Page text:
Much like human history, opera is epic in scale, full of murders and romantic intrigue, and frequently interrupted by deformed men in half-masks and capes. Get in on the grandeur with today's Groupon: for $35, you get a ticket to Flight at Austin Lyric Opera (up to a $126 value). Your Groupon grants you seating in the mezzanine or better, with the exception of premier seating, and it is only good for the Wednesday, April 13, performance at 7:30 p.m.
The Austin Lyric Opera provides noteworthy performances under the careful guidance of renowned American conductor Richard Buckley. Join him and a wide range of potent pipes for an evening of airport-bound drama.
Set in airport disrupted by an electrical storm, Flight dramatizes the travails of the stranded passengers, a frustrated flight controller, and a mysterious refugee, avoiding immigration officials and malevolent moving sidewalks. Originally commissioned by the Glyndebourne Touring Opera in 1998, the opera's fast-moving comedy, accessible English libretto, and familiar setting have made Flight one of the most successful new operas in recent years. Whether the lyrics flow out in English, Pig Latin, or Wingdings, the Austin Lyric Opera proudly supertitles all performances by projecting English translations or captions above the stage so audiences can easily follow every moment of the plot.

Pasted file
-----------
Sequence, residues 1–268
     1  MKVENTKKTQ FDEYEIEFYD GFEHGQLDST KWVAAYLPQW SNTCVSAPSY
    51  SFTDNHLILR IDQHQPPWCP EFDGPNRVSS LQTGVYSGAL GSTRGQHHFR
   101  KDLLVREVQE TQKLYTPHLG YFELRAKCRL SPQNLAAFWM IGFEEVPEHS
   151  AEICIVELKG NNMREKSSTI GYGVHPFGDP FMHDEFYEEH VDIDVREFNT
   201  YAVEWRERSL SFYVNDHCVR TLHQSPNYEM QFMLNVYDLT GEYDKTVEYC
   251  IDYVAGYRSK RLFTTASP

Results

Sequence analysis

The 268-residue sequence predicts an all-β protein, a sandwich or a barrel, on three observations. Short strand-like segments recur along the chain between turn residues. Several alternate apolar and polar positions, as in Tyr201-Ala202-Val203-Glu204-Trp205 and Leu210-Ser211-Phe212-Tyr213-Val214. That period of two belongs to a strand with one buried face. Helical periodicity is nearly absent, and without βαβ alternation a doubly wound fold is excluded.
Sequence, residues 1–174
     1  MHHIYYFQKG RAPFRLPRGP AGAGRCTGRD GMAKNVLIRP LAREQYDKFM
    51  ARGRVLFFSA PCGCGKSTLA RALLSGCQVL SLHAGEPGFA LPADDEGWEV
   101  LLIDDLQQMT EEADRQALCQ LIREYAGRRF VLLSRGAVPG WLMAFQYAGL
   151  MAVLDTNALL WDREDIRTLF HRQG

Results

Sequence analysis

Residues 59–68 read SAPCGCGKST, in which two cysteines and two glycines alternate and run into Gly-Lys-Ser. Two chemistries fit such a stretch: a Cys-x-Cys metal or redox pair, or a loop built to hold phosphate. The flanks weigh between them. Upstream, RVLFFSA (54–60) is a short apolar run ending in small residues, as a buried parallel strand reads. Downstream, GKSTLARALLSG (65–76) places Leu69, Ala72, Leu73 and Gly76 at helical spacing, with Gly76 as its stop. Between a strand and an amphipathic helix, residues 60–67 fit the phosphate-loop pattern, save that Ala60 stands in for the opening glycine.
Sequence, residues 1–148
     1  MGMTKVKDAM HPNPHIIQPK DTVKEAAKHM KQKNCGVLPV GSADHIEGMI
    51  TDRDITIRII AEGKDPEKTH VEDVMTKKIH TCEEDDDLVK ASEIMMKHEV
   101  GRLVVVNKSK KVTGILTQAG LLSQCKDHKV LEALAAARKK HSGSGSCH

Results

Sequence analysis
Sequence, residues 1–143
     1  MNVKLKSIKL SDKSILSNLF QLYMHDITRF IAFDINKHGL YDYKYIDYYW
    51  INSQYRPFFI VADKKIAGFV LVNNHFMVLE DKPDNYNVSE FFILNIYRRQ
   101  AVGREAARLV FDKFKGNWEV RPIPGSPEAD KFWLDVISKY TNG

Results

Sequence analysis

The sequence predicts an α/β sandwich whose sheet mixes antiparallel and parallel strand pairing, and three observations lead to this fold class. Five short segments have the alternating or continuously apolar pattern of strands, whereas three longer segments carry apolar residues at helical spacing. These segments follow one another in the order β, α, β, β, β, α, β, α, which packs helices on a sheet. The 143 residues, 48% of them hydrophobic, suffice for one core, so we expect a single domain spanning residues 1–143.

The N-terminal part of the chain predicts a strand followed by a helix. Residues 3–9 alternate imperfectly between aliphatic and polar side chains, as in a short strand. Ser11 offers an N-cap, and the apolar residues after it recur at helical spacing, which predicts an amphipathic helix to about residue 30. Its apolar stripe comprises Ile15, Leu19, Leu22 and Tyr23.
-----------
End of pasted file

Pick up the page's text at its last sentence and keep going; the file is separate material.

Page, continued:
Although the Austin Lyric Opera aims to provide elegant performances, it still invites its guests to let their hair or facial hair down while attending. Feel free to dress in a style and comfort that suits. With love, betrayal, and a catchy score, Flight is primed to delight the eyes, ears, ears where eyes should be, and eyes where ears should be of humans and monocled mutants alike. Latecomers should be warned that attendees who arrive after the music begins will not be seated until intermission, so guests should be sure to arrive early for the 7:30 p.m. performance.
- Opulent sets and costumes, a passionately conducted score and solid performances from the singers marked the robust performance. – Jeanne Claire van Ryzin, Austin American-Statesman
- The story ends as you knew it must, in tragedy, but by the time the vengeful jester sees his daughter's life slip away, you will have felt that thrill of the tale told well, taken a journey that's involving, enthralling, fresh. – Robert Faires, Austin Chronicle